'Titus Andronicus' is a violent yet satisfying exploration of power, pride, and revenge
One of William Shakespeare's earliest plays, as well as his bloodiest, Titus Andronicus is a fast-moving, high body count play filled with anger, strategic manipulation, and unrelenting vengeance. St. Louis Shakespeare's current production, with clear direction from Tom Kopp and a script adaptation by John Wolbers, sharply focuses the complex and darkly tragic play on the intense conflict between the central characters. Bold performances are energized by a sense of rage and a well articulated story arc ensures that this production is exciting. The tension starts high and still finds several levels left to amp up the bloodstained drama.
Roman general Titus Andronicus returns home having defeated the Goths and captured their queen and her sons. After sacrificing the eldest son to the gods, he is offered the mantle of Emperor but defers to Saturninus. He immediately vows to wed Titus' daughter Lavinia, upsetting his brother Bassianus. The new emperor changes his mind, however, as soon as he sees the Goth queen Tamora, deciding to take her as his empress instead. She coyly acquiesces, and instantly begins plotting her revenge. Once the first domino falls, the deadly action continues unabated until nearly all the principle characters have suffered increasingly gruesome deaths.
Suki Peters is viciously protective and unforgiving as Tamora, alternately purring and spitting out her lines as suits her purpose. She easily keeps Roger Erb's blindly ambitious Saturninus under her thumb. Ted Drury and Michael Pierce are callously and gleefully sociopathic as her sons, and Darrious Varner is strikingly brazen as her unrepentant strategist and secret lover Aaron. Chad Little is too self-assured and stubborn for his own good as Titus, and his children pay the price. Britteny Henry, as daughter Lavinia, suffers the most before her death, her pleading facial expressions and haunting eyes convey unbearable pain. Eric Kuhn, as Titus' remaining son, returns to reunite Rome after establish peace and recruiting the Goths to his cause.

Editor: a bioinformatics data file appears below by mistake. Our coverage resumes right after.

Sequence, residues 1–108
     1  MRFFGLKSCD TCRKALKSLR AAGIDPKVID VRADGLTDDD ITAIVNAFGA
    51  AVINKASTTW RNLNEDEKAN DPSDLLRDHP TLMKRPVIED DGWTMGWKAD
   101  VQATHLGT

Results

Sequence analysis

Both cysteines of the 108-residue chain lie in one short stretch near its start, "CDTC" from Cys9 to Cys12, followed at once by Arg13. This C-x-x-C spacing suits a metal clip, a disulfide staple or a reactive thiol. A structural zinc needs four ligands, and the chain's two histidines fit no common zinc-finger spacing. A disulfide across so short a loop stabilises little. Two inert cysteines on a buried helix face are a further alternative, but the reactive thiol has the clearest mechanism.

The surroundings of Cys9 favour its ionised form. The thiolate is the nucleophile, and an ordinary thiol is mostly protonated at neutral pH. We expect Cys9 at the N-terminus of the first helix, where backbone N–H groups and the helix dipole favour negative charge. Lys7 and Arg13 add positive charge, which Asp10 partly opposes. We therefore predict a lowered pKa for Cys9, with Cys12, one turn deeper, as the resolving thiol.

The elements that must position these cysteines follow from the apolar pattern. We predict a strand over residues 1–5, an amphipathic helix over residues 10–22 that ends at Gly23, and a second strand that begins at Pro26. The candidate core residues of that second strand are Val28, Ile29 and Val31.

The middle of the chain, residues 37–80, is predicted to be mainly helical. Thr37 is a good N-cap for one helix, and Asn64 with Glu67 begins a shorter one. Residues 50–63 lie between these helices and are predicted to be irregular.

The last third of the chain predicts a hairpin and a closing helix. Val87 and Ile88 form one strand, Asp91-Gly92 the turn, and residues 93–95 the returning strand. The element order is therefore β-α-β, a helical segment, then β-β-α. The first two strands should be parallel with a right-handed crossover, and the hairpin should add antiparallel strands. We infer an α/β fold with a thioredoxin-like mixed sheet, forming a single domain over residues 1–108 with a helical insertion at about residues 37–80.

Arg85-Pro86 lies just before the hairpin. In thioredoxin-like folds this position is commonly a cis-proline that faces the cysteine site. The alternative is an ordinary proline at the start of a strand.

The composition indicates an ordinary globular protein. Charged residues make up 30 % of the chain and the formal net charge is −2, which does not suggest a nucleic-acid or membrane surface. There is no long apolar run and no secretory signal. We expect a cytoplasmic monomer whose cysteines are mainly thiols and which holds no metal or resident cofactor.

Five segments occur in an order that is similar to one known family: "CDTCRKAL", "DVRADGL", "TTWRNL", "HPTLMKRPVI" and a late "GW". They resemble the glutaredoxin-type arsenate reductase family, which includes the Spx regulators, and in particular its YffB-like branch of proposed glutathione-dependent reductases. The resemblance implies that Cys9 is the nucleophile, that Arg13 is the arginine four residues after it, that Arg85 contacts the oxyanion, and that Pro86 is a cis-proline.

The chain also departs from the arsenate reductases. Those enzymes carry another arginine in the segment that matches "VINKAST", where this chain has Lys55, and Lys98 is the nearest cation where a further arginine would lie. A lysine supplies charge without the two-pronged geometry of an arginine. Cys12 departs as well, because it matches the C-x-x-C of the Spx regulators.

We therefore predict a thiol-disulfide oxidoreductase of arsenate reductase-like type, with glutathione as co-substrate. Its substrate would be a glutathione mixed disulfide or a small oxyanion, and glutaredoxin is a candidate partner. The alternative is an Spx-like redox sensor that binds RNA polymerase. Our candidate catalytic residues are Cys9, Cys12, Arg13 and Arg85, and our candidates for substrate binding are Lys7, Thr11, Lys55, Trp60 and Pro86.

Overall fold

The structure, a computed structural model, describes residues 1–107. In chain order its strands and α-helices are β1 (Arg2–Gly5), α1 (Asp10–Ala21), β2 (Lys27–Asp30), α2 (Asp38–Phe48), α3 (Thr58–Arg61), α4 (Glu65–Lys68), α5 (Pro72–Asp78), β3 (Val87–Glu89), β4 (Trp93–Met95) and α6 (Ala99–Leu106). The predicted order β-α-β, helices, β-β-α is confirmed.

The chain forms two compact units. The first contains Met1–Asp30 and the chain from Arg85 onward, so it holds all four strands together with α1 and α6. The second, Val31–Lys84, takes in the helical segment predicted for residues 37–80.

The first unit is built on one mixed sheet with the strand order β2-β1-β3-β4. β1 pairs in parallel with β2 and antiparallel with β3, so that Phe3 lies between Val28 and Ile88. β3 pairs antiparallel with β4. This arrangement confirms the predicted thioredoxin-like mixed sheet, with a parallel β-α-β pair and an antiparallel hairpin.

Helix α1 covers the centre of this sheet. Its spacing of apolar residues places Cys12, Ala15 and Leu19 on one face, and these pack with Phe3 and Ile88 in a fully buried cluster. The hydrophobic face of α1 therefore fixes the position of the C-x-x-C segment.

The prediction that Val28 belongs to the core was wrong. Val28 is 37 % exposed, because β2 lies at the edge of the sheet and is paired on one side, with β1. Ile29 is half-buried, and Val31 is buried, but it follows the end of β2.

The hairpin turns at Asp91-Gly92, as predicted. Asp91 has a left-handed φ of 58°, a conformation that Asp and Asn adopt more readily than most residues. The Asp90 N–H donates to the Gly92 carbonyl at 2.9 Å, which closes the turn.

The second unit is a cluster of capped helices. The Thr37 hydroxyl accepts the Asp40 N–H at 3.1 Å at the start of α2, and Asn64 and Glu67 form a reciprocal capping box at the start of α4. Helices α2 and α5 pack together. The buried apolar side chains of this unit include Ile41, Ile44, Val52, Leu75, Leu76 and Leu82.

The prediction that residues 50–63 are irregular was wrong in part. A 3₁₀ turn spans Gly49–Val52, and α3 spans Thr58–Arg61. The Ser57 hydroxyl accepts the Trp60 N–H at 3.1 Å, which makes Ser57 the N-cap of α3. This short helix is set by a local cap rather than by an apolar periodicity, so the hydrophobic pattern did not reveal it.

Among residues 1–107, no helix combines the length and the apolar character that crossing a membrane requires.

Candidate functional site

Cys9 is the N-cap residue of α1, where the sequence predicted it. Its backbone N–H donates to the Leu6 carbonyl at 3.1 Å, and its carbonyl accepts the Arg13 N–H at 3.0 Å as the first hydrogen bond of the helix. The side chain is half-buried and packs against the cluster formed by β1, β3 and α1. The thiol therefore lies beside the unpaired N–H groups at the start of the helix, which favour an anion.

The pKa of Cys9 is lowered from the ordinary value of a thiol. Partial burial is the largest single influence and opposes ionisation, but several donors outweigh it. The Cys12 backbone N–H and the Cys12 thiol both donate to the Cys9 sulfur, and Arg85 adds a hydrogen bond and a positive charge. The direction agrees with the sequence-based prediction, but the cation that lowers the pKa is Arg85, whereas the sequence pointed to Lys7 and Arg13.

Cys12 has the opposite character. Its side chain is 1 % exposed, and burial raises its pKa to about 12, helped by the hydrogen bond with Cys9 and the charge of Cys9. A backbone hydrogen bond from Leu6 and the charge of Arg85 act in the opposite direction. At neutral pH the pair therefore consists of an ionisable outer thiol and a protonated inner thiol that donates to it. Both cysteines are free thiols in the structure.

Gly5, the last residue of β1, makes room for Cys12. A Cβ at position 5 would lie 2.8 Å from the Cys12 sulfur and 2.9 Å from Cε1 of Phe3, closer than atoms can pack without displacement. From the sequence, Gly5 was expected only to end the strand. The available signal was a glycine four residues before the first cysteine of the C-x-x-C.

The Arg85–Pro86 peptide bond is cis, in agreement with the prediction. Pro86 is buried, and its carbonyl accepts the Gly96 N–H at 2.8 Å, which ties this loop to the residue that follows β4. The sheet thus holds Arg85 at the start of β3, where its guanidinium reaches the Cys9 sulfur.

Scott McDonald, Chris LaBanca, and Riley James ensure their roles as secondary family members are effective and memorable, and the ensemble of Maxwell Knocke, Brennan Eller, Joshua Parrack, Shane Signorino, Joseph Garner, Chuck Winning, Nic Tayborn, Jeff Lovell, Meagan Wiegert, Brian Rolf, and Chuck Brinkley capably fill the remaining roles.
The tightened script underscores the brutality of the play, and Kopp's strong, purposeful direction keeps the pace constant and the stakes building. The locations of the show are covered in Winning's well-designed and purposed set, ensuring quick transitions while emphasizing the tragedy closing in on the entire cast. Darren Thompson's lights, Drury's sound, and Kuhn's direction of the violence enhance the tone, and are underscored with pensive incidental music from composer Susan Kopp. Zahrah Agha's costumes create clear designations of tribe and status through contrast. Though they also add a bit of confusion to any attempt to set the undefined period, it doesn't detract from the story a bit. In fact, the parts complement the whole to a visually striking and tension-filled success.
Titus Andronicus is rife with twists and turns in the action as the violence is back and forth between the Romans, Goths, and Andronicus' family. The plotline is clear from the opening moments of the show, when the Goths are marched onto stage chained together and tethered by a heavy beam. As the Romans assert their power, even Shakespeare's language seems to suggest a lack of respect for the prisoners of war. The Bard then skillfully creates a queen who is more ruthless, more determined, and more bloodthirsty than the over-confident men who hold her captive. The audience doesn't dare to take their eyes off of Tamora and her consorts and, though Rome prevails, there's a viciously evil triumph before the eventual fall.
In Titus Andronicus, it is the interpretation of the script and the intensity of commitment to hatred and revenge with no mercy -- and by any means -- that powers the play. The animosity between the Romans and Goths permeates the air, and Tamora's barely contained rage and impenetrable will sears as thoroughly as the sun burns. Strong, motivated performances and careful attention to detail ensures that Titus Andronicus, running through September 3, 2017, is a bloody tragedy well done.